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In an on-air response to an article attacking him and the network, Fox News Channel host Tucker Carlson flipped the tables on The New York Times Thursday night when he called out the liberal paper for “screwing up coronavirus stories from day one.” And he also rubbed their nose in their ridiculous China and virus articles dating back to January.



Peter Goodman, New York Times European economics correspondent (and proud purveyor of left-wing economic nostrums under the guise of objective reporting) is not letting the coronavirus crisis go to waste, issuing two articles calling for a socialist response .Goodman cited an amorphous blob of “many economists" to conveniently agree with Goodman's own socalist thinking, which holds that reasonable limits on government control of the economy is tantamount to "the punishment of austerity."



Stop me if you have heard this comparison before – ICE agents doing their job arresting and detaining illegal aliens are just like the Nazis during World War II. That is the tired narrative that developed in ABC’s Station 19 on April 2.



NBC’s Brooklyn Nine-Nine is normally a genuinely funny show, but it’s sadly drifted into more politics in these later seasons. This time may actually be its most nonsensical stride yet since this cop show literally advocates working against law enforcement. Only liberals could fashion the logic around that.



Their entire premise was a lie. According to ABC World News Tonight anchor David Muir, President Trump was trying to keep Americans who found themselves suddenly unemployed during the coronavirus crisis from getting health insurance. Moments later, congressional correspondent Mary Bruce, who backed up the assertion, proved they were lying to their viewers.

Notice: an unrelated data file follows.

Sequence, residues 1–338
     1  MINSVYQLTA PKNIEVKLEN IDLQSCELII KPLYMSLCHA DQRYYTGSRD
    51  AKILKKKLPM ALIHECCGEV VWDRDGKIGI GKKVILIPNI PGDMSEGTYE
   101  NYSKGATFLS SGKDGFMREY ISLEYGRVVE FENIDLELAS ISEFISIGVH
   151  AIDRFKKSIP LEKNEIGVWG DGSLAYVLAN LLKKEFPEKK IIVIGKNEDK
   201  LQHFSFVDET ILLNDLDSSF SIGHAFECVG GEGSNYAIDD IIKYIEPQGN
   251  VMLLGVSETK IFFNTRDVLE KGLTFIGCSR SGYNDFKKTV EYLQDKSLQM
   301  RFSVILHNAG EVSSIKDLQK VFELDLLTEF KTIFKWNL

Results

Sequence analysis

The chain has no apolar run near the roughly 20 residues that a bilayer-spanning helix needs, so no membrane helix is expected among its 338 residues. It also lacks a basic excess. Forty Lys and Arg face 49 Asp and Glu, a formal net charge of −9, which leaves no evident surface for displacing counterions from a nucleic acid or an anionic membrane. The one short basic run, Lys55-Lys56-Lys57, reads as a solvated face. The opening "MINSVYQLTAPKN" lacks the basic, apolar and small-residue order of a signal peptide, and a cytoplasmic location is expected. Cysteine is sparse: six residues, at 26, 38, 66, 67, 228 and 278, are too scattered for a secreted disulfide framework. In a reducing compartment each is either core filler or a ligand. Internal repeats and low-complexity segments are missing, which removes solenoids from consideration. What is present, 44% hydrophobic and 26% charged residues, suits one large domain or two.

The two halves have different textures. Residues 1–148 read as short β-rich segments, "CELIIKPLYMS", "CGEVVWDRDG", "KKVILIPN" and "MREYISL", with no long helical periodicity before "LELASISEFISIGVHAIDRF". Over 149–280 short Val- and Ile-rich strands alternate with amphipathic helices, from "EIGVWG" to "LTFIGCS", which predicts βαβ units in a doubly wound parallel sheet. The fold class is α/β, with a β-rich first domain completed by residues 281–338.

ABC’s Nightline has returned to its old timeslot with a larger audience after late local news (instead of after Jimmy Kimmel Live). On Wednesday’s show, co-host Byron Pitts ended an interview with Vice President Mike Pence by asking him “not in a political way,” but whether he “talk[s] to God” about feeling remorse for Americans who have died “because of steps the federal government did not take soon enough.”



One day after county officials linked the outbreak of coronavirus in New Orleans to its celebration of Mardi Gras culminating on February 25, the city’s Democrat mayor was invited on The View to do some damage control. But instead of taking responsibility, LaToya Cantrell put the blame on Trump, just as the media has done.



Thankfully, not everyone in showbiz thinks Hollywood virtue-signaling is the most charming thing in the universe. Recently, celebrity podcast host Joe Rogan had a mouthful for the glamorous Hollywood stars who put out a video compilation of them singing a cheesy John Lennon song during Chinese virus quarantine.



Univision midday anchor Borja Voces suggested Thursday that President Donald Trump despises undocumented immigrants, in a rant about how undocumented immigrants were excluded from the government´s emergency economic assistance package.